The antinociceptive potency of the delta opioid receptor (DOR) agonist (D-Ala 2 )Deltorphin II and the levels of DOR mRNA were measured in mice chronically treated with naltrexone. ED 50 determinations for (D-Ala 2 )Deltorphin II, using the tail-flick test with mice that had been treated with naltrexone for 7 days followed by a 24 h naltrexone free period (study day 8), revealed a 7.7-fold increase in antinociceptive potency, indicating functional supersensitivity. Utilization of a micro-dissection technique followed by quantitative solution hybridization measurements of RNA extracts from mouse CNS revealed levels of DOR mRNA ranging from 2.8 pg/μg RNA in the caudate-putamen to 0.3 pg/μg RNA in cerebellum. However, despite the functional increase in DOR sensitivity, the DOR mRNA levels in selected brain areas and spinal cord of naltrexone-treated and control mice did not differ. Assessment of DOR mRNA levels in whole brain and selected CNS regions after shorter treatment intervals (1, 6 and 12 h and 2 and 7 days) in naltrexone-treated and control mice revealed a similar pattern of results. Northern blot analysis of mouse whole brain RNA extracts after 7 days of naltrexone treatment did not show any alteration in the size of the DOR transcript. These data demonstrate that DOR mRNA levels are not altered during and after chronic naltrexone treatment and therefore are not associated with opioid-induced DOR up-regulation or DOR functional supersensitivity.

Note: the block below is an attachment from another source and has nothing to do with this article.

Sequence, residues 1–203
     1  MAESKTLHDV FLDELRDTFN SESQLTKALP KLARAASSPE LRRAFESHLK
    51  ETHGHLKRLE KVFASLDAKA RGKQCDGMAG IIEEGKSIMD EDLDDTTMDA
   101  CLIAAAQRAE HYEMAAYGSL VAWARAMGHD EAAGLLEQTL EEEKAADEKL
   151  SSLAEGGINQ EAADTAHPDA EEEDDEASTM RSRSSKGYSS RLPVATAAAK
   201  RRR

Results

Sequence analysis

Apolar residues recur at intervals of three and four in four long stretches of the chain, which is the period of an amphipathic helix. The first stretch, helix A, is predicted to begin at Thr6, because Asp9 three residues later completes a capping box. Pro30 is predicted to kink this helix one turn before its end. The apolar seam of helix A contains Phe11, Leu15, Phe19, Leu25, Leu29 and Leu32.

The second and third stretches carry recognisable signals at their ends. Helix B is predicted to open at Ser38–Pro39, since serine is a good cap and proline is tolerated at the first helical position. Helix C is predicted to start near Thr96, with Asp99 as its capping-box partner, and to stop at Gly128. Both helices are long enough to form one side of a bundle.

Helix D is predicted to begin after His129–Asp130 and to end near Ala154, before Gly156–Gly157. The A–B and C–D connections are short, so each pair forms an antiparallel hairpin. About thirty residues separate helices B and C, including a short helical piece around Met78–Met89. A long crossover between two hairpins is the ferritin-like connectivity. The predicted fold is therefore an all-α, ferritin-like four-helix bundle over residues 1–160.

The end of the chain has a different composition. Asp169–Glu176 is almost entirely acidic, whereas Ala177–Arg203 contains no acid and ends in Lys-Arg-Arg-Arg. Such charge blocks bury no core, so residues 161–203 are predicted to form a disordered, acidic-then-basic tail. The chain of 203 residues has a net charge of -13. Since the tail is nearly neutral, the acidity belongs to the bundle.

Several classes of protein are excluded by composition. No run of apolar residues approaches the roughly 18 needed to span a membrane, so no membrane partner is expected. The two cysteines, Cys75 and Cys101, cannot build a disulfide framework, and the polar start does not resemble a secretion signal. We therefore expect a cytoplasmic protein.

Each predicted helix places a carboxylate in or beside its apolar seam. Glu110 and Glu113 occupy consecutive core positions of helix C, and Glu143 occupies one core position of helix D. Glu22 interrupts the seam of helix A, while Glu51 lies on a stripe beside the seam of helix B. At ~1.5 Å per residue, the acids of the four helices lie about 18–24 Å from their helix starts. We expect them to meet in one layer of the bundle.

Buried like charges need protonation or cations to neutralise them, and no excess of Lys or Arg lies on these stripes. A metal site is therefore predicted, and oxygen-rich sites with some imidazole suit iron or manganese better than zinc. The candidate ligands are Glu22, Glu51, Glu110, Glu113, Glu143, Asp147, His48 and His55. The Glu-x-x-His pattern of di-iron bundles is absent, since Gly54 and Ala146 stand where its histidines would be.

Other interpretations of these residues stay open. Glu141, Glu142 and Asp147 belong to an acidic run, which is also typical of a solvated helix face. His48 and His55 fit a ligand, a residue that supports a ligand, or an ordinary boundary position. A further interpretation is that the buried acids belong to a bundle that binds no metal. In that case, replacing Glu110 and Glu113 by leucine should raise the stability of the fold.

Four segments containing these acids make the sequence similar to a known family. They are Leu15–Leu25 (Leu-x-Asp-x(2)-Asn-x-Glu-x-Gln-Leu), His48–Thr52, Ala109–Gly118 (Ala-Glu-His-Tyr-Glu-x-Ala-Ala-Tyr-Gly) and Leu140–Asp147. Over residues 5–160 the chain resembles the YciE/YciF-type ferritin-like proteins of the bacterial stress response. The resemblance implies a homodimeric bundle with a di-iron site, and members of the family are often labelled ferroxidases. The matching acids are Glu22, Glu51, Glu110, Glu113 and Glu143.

Brain Research – Elsevier
Published: Sep 11, 1995
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